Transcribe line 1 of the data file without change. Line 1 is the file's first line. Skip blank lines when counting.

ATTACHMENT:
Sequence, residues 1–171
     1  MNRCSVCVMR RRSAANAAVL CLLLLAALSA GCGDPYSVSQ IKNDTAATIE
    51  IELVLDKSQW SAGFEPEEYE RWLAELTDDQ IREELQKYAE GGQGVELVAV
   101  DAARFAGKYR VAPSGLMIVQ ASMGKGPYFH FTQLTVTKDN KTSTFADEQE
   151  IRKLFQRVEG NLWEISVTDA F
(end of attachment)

Sequence, residues 1–171